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ISMP Medication Safety Alert


PREPARATION AND INSTRUCTION NEEDED FOR CARE AT HOME

Patients are increasingly getting much of their care at home. Yet if a patient is to be cared for appropriately at home, families and caregivers need clear and adequate instructions from health care professionals to be sure that such care is safe and effective. The following story shows why.

A three-year-old cancer patient who couldn't eat was discharged from the hospital with a feeding (nasogastric) tube in place from her nose to her stomach. Her mother was taught to unclog the feeding tube by drawing ginger ale into a syringe and injecting it through the tube.

When the child was later readmitted for routine chemotherapy, she developed an infection and had to receive antibiotics intravenously (IV) through a tube inserted into the child's veins - a peripherally inserted central catheter (PICC). The antibiotic IV had to continue at home, even after the child was discharged, and follow-up was arranged with the hospital's home care department.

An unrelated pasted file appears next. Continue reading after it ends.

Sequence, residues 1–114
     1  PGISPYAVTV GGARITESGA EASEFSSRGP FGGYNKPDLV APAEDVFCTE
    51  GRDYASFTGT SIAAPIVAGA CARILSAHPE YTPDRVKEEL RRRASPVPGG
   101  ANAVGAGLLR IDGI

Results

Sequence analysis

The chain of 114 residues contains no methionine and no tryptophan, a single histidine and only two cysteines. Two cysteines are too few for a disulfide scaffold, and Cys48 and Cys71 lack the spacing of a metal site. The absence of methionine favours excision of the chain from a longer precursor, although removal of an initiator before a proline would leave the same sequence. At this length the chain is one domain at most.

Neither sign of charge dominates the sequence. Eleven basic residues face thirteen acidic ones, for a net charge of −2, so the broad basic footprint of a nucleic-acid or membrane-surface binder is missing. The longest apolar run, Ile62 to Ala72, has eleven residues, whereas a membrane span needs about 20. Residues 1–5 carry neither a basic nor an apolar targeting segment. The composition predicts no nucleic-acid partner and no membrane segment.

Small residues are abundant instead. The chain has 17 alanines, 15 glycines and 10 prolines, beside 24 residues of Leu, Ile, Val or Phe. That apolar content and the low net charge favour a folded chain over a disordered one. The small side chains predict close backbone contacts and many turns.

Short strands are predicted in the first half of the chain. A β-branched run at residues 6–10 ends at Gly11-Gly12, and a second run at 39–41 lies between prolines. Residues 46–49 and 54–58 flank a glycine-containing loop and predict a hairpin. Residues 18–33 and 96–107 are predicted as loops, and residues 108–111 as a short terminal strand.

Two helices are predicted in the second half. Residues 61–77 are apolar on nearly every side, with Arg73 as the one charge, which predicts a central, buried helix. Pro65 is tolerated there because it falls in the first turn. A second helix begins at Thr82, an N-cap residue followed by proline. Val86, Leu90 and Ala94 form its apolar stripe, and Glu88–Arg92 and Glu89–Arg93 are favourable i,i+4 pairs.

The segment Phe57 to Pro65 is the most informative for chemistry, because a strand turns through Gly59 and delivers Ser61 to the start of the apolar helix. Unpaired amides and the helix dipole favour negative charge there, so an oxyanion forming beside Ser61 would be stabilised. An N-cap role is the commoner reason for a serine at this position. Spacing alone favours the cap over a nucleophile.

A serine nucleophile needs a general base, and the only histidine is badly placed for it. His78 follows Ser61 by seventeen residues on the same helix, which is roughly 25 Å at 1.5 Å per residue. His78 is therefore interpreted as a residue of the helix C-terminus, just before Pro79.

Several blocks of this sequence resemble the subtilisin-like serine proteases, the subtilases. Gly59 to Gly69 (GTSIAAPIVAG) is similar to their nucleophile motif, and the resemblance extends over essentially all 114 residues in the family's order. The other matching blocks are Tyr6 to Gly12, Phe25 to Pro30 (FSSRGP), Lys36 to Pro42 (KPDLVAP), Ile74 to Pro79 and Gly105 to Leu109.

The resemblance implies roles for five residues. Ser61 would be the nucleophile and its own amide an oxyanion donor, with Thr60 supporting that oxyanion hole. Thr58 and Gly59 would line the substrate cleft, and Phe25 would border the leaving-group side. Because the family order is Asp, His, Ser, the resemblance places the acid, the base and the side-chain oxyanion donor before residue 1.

However, soon after the child went home, her antibiotic IV (PICC) clogged. The patient's mother mistakenly assumed that the ginger ale method of unclogging the nasogastric tube would also work for unclogging the antibiotic IV line. Luckily, the home care nurse arrived just in time to prevent the terrible tragedy that certainly would have resulted had the mother injected ginger ale into the child's veins.

No patient should be sent home on IV therapy unless the patient and home caregivers have gotten clear and complete instructions from a health care professional about what to do if complications, including clogged lines, arise. Patients and their caregivers can be an important safety factor in their own medication use by insisting on clear and complete names of medications, dosages, explanations of what the medication is intended to do, and full instructions about what to do if complications or emergencies arise. Keep and share with your health care provider a complete and up-to-date list of the medications you are taking. And, always repeat related instructions to the health care provider to make sure you've understood correctly.

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